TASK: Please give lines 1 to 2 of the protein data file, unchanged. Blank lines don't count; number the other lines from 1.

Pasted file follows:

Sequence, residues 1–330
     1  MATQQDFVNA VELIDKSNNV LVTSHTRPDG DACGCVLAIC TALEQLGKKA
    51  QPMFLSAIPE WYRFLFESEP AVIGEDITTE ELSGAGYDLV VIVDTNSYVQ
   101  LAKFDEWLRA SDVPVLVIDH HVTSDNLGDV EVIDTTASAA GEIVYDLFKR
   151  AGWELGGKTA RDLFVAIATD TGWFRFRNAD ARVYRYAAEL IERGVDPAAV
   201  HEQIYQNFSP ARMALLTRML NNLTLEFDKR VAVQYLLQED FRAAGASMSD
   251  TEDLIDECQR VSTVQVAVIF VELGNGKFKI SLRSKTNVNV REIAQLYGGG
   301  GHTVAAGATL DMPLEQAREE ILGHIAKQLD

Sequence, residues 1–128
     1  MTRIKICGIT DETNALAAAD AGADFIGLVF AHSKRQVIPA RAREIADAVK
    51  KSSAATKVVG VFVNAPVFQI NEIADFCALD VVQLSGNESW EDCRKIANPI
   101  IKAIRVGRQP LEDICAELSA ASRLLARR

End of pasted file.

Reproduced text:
Sequence, residues 1–330
     1  MATQQDFVNA VELIDKSNNV LVTSHTRPDG DACGCVLAIC TALEQLGKKA